Although the U.S. District Court of Appeals may have denied the Electronic Privacy Information's Center's case to outlaw the use of the Transportation Security Administration's Advanced Imaging Technology -- colloquially called the "nude-body scanners" -- in 2011, it did however rule TSA must make its rules and regulations for use of the scanners subject to public comment.
The controversial backscatter X-ray machines have been argued by some to violate personal privacy.
Wired writes the agency was in violation of federal law for not holding a 90-day public comment period in the first place and was ordered by the court to "act promptly" in hosting one. It still hasn't held this comment period, but in a response to the court published on Thursday, TSA states it will open the floor to public comments in Feb. 2013. It also defends itself saying there is "no basis whatsoever [... to assert] that TSA has delayed implementing the court's mandate." The court asked it to explain the delay earlier this month.
TSA notes it has "passed the first major milestone" in implementing this process -- submitting documents for approval to the Department of Homeland Security. It also cites "significant personnel loss." For these and a couple other reasons, TSA states:
Thus, there has been no unreasonable delay in complying with this Court’s mandate, much less the type of egregious delay that would warrant exercise of the Court’s mandamus powers. Further, while simultaneously expediting the initiation of a notice-and-comment period regarding its AIT program, TSA has taken substantial steps to address the privacy concerns discussed in the Court’s opinion.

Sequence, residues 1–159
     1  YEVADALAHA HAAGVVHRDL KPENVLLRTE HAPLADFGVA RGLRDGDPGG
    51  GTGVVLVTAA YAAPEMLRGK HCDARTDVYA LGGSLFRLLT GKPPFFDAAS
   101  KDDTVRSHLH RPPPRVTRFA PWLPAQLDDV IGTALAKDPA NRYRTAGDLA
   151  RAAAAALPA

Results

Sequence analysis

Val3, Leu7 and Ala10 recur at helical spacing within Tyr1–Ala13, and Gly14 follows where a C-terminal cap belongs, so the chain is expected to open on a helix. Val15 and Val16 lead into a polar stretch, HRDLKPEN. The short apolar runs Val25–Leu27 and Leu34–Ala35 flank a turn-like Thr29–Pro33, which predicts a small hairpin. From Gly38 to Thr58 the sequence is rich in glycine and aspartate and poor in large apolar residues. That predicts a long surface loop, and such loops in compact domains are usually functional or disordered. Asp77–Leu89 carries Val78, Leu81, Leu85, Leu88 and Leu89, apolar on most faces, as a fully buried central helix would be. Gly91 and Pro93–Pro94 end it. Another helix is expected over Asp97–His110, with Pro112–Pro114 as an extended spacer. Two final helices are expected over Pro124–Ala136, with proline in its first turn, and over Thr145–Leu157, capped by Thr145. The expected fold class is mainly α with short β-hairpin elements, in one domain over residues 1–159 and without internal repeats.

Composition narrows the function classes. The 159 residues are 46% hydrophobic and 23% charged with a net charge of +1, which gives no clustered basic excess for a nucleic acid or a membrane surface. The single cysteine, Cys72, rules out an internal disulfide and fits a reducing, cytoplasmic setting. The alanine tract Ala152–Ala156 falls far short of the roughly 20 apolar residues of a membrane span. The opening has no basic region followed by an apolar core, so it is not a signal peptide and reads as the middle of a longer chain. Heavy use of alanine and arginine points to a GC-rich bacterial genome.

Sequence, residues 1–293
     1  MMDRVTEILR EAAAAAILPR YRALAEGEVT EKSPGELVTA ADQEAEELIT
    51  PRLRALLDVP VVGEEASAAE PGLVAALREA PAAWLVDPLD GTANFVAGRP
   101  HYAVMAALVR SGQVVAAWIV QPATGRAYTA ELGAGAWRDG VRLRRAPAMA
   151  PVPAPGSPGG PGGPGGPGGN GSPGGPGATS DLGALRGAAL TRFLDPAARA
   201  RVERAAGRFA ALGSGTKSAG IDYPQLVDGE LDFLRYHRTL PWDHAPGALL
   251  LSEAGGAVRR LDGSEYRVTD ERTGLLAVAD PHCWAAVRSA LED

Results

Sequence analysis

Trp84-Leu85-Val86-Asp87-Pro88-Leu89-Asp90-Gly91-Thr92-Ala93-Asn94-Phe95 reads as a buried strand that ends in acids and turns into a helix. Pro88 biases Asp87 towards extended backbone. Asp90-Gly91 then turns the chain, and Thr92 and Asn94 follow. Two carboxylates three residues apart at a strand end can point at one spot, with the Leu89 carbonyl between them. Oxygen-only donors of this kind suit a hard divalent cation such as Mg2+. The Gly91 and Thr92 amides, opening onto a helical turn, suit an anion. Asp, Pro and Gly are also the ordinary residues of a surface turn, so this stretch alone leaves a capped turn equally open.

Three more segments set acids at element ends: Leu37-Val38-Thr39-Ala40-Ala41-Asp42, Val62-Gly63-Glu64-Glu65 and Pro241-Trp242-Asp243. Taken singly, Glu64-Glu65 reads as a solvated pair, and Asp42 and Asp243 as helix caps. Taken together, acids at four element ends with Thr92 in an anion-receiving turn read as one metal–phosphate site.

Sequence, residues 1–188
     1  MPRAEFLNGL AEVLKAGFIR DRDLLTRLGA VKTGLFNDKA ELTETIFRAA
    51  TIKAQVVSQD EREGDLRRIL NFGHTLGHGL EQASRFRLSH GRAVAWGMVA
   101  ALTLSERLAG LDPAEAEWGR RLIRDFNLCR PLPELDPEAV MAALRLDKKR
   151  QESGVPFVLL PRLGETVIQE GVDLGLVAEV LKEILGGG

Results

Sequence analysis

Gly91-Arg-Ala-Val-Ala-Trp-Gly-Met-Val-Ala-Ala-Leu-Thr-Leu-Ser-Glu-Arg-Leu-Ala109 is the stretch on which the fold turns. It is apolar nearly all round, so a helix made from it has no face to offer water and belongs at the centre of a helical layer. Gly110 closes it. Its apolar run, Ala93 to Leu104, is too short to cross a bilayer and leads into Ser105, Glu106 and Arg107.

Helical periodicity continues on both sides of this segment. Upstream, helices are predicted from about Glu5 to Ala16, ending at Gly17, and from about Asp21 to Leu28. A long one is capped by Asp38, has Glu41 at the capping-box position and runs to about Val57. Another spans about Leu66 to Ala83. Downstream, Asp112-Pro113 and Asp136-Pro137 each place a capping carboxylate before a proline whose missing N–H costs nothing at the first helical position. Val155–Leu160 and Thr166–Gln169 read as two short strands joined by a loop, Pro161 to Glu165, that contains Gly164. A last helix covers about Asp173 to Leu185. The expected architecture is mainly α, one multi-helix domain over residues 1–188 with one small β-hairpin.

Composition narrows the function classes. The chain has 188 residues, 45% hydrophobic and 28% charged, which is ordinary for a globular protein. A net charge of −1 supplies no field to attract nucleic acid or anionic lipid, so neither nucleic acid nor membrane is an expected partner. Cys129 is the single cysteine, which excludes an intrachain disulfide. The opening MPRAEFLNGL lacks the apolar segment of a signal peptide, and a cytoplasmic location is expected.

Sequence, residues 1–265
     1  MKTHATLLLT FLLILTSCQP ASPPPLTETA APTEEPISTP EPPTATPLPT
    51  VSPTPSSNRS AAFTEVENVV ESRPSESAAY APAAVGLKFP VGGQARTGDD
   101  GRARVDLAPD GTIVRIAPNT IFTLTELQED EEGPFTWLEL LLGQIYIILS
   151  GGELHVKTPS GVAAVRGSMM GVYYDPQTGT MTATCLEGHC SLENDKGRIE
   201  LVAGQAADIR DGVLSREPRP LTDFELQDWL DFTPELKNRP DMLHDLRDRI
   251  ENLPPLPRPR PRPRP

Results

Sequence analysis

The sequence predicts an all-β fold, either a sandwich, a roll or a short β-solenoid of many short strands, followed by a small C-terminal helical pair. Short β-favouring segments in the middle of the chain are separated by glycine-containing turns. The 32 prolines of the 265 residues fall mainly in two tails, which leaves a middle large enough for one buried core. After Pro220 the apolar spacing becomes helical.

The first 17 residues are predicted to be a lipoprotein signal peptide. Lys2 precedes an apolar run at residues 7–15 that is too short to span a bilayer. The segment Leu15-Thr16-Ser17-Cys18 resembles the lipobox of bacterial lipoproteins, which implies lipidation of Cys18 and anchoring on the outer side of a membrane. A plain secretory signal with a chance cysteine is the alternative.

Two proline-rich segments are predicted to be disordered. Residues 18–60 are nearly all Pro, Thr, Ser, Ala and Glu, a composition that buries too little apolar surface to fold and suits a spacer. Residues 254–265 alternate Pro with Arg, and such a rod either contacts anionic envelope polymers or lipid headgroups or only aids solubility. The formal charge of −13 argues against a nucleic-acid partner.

The TSA also says the agency itself has waited for two and a half years for approval from DHS to host a comment period. It writes that in calling out the agency for a delay, the court reveals that it does not have accurate knowledge as to how long it takes to organize such an initiative.
"[The] petitioner’s repeated mandamus petitions reflect a fundamental misunderstanding of the nature of notice and-comment rulemaking and the time and resources required to develop a proposed rule. Petitioner has demonstrated no basis whatsoever for its demand for 'a writ of mandamus directing the Secretary to undertake a public rulemaking within 60 days,' or, alternatively, an order vacating 'the [AIT] program.'"
With all this, Wired explains the agency will hold public comments and hearings on the Advanced Imaging Technology 19 months after it was ordered to do so.